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Why You Might Be Interested In Pool Corporation (NASDAQ:POOL) For Its Upcoming Dividend

Readers hoping to buy Pool Corporation (NASDAQ:POOL) for its dividend will need to make their move shortly, as the stock is about to trade ex-dividend. The ex-dividend date is one business day before the record date, which is the cut-off date for shareholders to be present on the company's books to be eligible for a dividend payment. The ex-dividend date is of consequence because whenever a stock is bought or sold, the trade takes at least two business day to settle. In other words, investors can purchase Pool's shares before the 9th of November in order to be eligible for the dividend, which will be paid on the 23rd of November.

The company's upcoming dividend is US$1.00 a share, following on from the last 12 months, when the company distributed a total of US$4.00 per share to shareholders. Last year's total dividend payments show that Pool has a trailing yield of 1.4% on the current share price of $292.62. If you buy this business for its dividend, you should have an idea of whether Pool's dividend is reliable and sustainable. As a result, readers should always check whether Pool has been able to grow its dividends, or if the dividend might be cut.

See our latest analysis for Pool

Dividends are typically paid from company earnings. If a company pays more in dividends than it earned in profit, then the dividend could be unsustainable. Pool paid out just 18% of its profit last year, which we think is conservatively low and leaves plenty of margin for unexpected circumstances. Yet cash flows are even more important than profits for assessing a dividend, so we need to see if the company generated enough cash to pay its distribution. Over the last year it paid out 65% of its free cash flow as dividends, within the usual range for most companies.

It's positive to see that Pool's dividend is covered by both profits and cash flow, since this is generally a sign that the dividend is sustainable, and a lower payout ratio usually suggests a greater margin of safety before the dividend gets cut.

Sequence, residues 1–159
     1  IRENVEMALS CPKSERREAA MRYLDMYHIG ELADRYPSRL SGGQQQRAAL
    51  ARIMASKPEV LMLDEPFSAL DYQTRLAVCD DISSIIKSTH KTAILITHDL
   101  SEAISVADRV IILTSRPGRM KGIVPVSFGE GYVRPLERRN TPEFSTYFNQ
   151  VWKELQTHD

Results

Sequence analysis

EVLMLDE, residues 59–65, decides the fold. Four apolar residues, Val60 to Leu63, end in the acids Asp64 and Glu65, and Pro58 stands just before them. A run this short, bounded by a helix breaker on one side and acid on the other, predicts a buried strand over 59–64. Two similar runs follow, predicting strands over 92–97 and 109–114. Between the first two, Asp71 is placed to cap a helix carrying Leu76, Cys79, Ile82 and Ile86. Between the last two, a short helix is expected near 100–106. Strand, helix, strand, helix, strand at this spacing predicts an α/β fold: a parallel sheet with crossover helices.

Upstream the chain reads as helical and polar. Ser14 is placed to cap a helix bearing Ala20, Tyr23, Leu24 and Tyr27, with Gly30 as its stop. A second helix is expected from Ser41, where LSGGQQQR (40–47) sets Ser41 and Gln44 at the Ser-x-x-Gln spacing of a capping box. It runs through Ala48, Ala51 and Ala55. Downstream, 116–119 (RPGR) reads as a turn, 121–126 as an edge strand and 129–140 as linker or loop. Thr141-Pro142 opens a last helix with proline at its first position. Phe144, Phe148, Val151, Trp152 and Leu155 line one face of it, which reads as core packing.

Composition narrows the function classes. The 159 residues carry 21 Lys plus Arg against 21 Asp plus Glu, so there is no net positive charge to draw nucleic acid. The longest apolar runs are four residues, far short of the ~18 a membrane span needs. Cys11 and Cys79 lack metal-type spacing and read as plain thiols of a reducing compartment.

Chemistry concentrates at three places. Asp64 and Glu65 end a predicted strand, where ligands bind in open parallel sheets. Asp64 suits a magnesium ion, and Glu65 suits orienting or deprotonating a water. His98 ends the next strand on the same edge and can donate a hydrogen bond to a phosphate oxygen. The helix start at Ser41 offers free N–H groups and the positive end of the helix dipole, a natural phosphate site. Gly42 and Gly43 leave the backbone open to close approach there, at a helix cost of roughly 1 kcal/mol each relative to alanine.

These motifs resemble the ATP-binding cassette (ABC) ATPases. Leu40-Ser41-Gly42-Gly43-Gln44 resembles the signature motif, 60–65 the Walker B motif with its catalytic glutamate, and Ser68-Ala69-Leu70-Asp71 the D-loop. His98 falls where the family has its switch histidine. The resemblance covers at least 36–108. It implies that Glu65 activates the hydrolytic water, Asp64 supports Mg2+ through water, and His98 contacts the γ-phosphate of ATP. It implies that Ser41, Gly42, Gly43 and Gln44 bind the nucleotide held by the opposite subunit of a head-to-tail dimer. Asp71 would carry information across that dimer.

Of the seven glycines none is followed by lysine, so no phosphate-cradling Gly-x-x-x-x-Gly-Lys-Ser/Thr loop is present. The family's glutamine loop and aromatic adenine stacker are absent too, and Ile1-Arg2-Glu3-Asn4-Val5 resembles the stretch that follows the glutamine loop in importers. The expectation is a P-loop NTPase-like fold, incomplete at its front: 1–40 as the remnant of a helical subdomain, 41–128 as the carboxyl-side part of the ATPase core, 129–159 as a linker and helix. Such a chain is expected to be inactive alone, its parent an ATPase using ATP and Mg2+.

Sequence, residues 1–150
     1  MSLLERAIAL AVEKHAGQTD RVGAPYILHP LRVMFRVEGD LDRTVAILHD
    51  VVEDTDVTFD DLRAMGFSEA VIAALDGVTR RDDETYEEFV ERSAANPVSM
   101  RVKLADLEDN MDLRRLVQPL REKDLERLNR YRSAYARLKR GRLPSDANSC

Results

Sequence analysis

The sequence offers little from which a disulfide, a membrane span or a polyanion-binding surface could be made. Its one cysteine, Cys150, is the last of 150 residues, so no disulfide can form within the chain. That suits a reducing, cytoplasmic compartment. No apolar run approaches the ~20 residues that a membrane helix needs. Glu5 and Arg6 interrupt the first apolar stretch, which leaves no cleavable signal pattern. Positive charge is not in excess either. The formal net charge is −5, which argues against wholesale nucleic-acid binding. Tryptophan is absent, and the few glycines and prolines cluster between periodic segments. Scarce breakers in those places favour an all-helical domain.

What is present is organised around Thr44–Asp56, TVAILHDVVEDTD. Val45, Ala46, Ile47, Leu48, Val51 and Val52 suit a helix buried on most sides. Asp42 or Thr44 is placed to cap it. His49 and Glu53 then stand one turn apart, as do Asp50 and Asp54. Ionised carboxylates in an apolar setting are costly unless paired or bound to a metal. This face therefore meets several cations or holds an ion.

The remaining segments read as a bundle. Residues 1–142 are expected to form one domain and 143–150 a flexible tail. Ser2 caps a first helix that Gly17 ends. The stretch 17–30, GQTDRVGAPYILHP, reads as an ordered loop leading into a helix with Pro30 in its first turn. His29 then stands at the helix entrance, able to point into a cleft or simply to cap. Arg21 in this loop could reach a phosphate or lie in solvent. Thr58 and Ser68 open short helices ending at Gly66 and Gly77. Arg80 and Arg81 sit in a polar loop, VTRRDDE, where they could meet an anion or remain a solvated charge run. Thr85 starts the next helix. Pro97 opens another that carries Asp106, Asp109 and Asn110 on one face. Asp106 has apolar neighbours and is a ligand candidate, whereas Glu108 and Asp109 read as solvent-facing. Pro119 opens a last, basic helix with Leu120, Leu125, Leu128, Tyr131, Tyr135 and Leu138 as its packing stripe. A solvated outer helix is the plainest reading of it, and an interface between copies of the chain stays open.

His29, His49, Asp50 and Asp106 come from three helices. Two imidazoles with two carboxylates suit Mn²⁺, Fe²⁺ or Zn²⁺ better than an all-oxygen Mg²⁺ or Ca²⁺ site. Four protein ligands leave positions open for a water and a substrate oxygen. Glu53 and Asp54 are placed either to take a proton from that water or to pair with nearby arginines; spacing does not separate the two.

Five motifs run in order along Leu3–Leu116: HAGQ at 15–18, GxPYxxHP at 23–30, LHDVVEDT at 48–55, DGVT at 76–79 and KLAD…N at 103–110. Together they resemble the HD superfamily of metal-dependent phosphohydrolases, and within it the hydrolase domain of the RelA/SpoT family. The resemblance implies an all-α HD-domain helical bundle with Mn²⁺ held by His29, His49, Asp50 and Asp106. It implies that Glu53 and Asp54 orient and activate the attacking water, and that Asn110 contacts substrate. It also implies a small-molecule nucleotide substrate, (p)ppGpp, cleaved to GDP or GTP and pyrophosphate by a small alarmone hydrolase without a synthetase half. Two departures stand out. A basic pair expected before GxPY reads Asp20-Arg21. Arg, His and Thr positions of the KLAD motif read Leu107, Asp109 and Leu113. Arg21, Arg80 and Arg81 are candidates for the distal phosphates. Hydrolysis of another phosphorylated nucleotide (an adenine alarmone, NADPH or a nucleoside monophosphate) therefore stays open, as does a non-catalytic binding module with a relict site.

Click here to see the company's payout ratio, plus analyst estimates of its future dividends.

historic-dividend
historic-dividend

Have Earnings And Dividends Been Growing?

Stocks in companies that generate sustainable earnings growth often make the best dividend prospects, as it is easier to lift the dividend when earnings are rising. If earnings decline and the company is forced to cut its dividend, investors could watch the value of their investment go up in smoke. It's encouraging to see Pool has grown its earnings rapidly, up 41% a year for the past five years.

Another key way to measure a company's dividend prospects is by measuring its historical rate of dividend growth. In the last 10 years, Pool has lifted its dividend by approximately 22% a year on average. It's exciting to see that both earnings and dividends per share have grown rapidly over the past few years.

Final Takeaway

From a dividend perspective, should investors buy or avoid Pool? Earnings per share have grown at a nice rate in recent times and over the last year, Pool paid out less than half its earnings and a bit over half its free cash flow. Overall we think this is an attractive combination and worthy of further research.

While it's tempting to invest in Pool for the dividends alone, you should always be mindful of the risks involved. To help with this, we've discovered 3 warning signs for Pool that you should be aware of before investing in their shares.

Generally, we wouldn't recommend just buying the first dividend stock you see. Here's a curated list of interesting stocks that are strong dividend payers.

Have feedback on this article? Concerned about the content? Get in touch with us directly. Alternatively, email editorial-team (at) simplywallst.com.

This article by Simply Wall St is general in nature. We provide commentary based on historical data and analyst forecasts only using an unbiased methodology and our articles are not intended to be financial advice. It does not constitute a recommendation to buy or sell any stock, and does not take account of your objectives, or your financial situation. We aim to bring you long-term focused analysis driven by fundamental data. Note that our analysis may not factor in the latest price-sensitive company announcements or qualitative material. Simply Wall St has no position in any stocks mentioned.

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